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O97M.Toraja.Gen

O97M.Toraja.Gen

Discovered:
05 June 2000
Updated:
13 February 2007
Also Known As:
Macro.Office.Toraja.c, X97M.Toraja.c
Systems Affected:
Windows

O97M.Toraja.Gen is a macro virus, which infects Microsoft Word and Microsoft Excel documents. In Word it infects the Normal.dot template, and in Excel it contaminates the \XLStart folder with an infected Excel workbook. Many standard menu functions are overridden, making them inaccessible.

NOTE: O97M.Toraja.Gen is a generic detection for viruses in the O97M.Toraja family. In some cases, Norton AntiVirus detects specific variants such as O97M.Toraja.C. The information in this writeup applies to the specific detections, as well as the generic detection.

Antivirus Protection Dates

  • Initial Rapid Release version 06 June 2000
  • Latest Rapid Release version 20 August 2008 revision 017
  • Initial Daily Certified version 06 June 2000
  • Latest Daily Certified version 20 August 2008 revision 016
  • Initial Weekly Certified release date pending
Click here for a more detailed description of Rapid Release and Daily Certified virus definitions.

When you open an infected document or workbook, O97M.Toraja.Gen does the following:
  1. It infects the Normal.dot file (Microsoft Word) or inserts a copy of the infected workbook in the \XLStart folder with the file name Start12.xls.
  2. All recently accessed documents are infected.
  3. O97M.Toraja.Gen searches for and deletes all but a few macro components, so that it is highly likely that O97M.Toraja.Gen is the only macro in the infected documents or workbooks. The components that are left alone are:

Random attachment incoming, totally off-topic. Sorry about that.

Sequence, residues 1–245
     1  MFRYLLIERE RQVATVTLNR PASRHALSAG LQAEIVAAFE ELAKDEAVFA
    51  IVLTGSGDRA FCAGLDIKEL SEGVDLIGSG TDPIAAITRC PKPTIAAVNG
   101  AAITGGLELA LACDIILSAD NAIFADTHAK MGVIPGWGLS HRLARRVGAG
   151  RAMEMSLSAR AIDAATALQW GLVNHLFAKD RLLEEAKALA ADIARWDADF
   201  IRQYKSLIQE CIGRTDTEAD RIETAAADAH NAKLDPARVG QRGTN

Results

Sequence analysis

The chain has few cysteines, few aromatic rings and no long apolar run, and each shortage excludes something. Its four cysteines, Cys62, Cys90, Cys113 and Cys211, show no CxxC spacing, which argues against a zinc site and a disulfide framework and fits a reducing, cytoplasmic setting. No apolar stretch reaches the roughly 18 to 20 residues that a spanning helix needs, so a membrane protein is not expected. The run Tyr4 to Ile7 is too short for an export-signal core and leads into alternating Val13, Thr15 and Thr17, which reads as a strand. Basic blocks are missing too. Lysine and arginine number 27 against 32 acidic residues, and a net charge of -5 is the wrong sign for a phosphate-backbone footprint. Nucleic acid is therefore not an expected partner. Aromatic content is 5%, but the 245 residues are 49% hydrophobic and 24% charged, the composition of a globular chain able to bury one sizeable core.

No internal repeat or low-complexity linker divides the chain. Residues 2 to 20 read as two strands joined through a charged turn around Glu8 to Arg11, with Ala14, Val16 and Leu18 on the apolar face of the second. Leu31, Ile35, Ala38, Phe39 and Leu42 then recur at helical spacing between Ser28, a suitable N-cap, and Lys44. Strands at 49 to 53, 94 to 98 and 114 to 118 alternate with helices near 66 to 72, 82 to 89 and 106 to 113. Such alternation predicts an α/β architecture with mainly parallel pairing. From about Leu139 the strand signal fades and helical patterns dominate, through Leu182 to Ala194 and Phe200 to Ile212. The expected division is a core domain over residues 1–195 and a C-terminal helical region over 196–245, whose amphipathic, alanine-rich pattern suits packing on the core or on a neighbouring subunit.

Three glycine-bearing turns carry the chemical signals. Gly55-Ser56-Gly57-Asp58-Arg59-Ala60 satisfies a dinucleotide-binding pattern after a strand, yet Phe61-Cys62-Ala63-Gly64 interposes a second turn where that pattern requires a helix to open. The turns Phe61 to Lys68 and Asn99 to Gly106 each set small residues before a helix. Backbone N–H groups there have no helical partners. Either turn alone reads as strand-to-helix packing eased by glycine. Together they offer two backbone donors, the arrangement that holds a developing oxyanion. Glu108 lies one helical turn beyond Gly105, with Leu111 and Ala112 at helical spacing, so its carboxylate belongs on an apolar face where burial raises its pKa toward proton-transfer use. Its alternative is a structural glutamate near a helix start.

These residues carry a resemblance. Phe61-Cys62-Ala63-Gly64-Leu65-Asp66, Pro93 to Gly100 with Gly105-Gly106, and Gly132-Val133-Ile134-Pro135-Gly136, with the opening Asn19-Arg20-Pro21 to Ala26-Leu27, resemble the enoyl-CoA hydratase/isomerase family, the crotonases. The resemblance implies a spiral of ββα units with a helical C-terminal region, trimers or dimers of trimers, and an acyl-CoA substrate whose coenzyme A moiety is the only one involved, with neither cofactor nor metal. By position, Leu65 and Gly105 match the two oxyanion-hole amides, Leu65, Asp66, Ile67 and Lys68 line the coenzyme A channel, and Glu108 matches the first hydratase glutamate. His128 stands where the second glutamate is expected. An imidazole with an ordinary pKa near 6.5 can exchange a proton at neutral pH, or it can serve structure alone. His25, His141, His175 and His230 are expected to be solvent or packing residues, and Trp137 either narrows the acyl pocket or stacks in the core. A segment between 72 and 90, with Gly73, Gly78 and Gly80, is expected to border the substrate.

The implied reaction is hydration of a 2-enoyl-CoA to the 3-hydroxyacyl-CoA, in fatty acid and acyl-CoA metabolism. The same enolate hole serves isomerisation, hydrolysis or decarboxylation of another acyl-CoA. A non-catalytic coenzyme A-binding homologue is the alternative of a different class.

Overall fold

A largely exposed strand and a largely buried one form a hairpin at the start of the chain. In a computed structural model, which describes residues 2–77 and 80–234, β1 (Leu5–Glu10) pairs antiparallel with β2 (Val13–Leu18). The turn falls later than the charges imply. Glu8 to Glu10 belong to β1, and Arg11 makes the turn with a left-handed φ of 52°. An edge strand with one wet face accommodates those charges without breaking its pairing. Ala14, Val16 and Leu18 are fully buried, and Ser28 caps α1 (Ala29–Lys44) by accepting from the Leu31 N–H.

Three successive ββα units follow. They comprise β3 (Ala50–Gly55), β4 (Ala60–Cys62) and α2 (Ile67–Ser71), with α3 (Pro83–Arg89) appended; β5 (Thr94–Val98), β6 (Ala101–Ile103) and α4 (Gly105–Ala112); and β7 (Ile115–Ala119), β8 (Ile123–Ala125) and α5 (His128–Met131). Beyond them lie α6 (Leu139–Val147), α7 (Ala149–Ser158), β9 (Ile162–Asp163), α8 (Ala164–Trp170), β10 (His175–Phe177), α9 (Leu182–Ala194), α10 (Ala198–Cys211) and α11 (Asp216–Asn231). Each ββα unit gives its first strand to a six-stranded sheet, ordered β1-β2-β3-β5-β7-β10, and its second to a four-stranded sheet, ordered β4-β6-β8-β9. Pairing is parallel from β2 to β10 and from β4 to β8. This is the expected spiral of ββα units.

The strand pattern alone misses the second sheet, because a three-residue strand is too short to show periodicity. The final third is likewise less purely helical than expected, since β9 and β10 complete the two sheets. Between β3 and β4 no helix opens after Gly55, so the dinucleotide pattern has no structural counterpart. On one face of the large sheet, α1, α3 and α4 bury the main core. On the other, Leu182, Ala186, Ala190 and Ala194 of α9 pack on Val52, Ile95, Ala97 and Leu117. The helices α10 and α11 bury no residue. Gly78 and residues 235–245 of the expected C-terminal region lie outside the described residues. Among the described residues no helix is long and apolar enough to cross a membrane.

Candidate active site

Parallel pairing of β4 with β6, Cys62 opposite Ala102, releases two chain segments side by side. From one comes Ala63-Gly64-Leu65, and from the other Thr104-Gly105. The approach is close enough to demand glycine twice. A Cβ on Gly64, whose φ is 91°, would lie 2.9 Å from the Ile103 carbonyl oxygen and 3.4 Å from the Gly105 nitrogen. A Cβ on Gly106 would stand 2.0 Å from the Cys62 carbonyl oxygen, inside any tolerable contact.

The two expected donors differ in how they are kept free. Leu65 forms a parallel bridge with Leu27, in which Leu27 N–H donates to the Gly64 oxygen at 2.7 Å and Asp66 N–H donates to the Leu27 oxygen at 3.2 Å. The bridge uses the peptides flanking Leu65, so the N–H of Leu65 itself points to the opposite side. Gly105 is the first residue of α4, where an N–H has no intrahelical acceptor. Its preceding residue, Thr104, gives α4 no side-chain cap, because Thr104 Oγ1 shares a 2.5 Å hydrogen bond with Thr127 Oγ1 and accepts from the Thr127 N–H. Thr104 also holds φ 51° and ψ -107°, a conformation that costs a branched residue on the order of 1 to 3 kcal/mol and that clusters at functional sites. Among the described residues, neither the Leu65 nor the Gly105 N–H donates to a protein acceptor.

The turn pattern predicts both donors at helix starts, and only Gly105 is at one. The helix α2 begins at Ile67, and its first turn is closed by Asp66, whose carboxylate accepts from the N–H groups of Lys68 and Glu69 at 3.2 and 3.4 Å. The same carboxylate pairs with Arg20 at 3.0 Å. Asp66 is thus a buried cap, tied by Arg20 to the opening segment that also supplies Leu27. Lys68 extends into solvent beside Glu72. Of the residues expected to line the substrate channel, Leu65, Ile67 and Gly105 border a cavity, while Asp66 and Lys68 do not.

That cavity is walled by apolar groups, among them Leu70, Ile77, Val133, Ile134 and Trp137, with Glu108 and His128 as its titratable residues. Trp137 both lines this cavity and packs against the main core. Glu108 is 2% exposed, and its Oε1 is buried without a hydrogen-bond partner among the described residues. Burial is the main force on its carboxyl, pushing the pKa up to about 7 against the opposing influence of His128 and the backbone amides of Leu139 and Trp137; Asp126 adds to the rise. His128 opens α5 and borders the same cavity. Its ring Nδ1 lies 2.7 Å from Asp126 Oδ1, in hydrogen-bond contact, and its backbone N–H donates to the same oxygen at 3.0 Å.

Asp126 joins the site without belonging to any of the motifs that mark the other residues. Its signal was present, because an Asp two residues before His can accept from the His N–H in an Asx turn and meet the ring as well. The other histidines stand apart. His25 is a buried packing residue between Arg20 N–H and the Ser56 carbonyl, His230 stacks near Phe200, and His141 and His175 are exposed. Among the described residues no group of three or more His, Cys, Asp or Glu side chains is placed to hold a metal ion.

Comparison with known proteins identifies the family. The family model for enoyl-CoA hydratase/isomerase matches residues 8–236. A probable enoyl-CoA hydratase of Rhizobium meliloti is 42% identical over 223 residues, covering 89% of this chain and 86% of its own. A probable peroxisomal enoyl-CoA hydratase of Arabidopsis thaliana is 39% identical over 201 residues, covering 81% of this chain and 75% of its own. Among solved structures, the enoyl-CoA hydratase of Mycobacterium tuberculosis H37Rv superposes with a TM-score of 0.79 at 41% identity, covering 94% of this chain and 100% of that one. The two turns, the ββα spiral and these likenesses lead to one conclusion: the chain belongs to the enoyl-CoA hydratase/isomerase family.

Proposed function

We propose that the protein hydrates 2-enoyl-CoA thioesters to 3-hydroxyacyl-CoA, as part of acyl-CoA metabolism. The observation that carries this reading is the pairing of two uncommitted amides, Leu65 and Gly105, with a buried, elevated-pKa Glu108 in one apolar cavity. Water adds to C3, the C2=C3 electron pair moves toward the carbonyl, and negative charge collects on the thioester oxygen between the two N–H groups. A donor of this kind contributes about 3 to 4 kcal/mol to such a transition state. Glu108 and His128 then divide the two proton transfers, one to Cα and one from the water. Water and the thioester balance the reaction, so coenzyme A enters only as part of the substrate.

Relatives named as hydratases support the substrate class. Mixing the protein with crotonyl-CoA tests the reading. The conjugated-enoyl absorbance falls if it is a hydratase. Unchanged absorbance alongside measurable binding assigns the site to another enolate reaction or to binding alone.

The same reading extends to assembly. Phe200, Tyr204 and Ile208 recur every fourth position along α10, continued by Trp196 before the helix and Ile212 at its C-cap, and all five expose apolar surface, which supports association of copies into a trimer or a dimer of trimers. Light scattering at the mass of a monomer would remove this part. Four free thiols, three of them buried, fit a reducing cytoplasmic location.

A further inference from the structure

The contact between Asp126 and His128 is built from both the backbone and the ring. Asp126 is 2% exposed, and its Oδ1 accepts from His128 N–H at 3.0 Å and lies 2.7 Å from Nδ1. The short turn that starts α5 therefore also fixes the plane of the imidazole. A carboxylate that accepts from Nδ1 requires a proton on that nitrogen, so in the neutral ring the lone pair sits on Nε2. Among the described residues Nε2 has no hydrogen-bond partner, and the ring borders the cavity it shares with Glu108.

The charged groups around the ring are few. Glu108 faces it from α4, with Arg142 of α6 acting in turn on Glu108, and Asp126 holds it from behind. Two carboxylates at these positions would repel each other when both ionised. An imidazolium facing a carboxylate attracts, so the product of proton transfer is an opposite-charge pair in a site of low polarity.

• "ThisDocument"
    • "ThisWorkbook"
    • "Reference To Normal"
    • Components that start with "Sheet"
    • Components that start with "Chart"
    • The O97M.Toraja.Gen viral component
    When O97M.Toraja.Gen infects a system for the first time, the date is saved and the trigger date is set to a specific number of days (for example 30 days), after the infection date. When the trigger date is reached, messages may appear in the caption and in the status bar. The exact message depends on the exact month on which this is triggered. This can include the following messages:
      • Toraja High Land:
      • Note ... each file can be printed 5 times only: " (This is followed by a seconds counter.)

    After the initial infections, O97M.Toraja.Gen goes stealth by:
    • Disabling the VirusProtection option
    • Disabling the SaveNormalPrompt option
    • Disabling the shortcut key to the Macro menu
    • Disabling the shortcut key to the Visual Basic Editor
    • Locking and removing some CommandBars

    The following actions are overridden by O97M.Toraja.Gen:
    • Tools > Macro > Macros
    • Tools > Macro > Record New Macro
    • Tools > Macro > Visual Basic Editor
    • Tools > Customize
    • File > Print
    • Format > Style
    When trying to access any of these items, the desired action is not performed, but instead the window is maximized.

    When creating a new document or opening an existing one, the document is immediately infected by O97M.Toraja.Gen.

    O97M.Toraja.Gen keeps track of how many times a document is printed. During any one Word/Excel session, O97M.Toraja.Gen allows a document to be printed five times. When over multiple sessions, the total number of prints exceeds a specified number (for example, 250), O97M.Toraja.Gen disallows any more printing. When the virus disallows printing, it still shows the Print menu, but any printing actions from there on are ignored.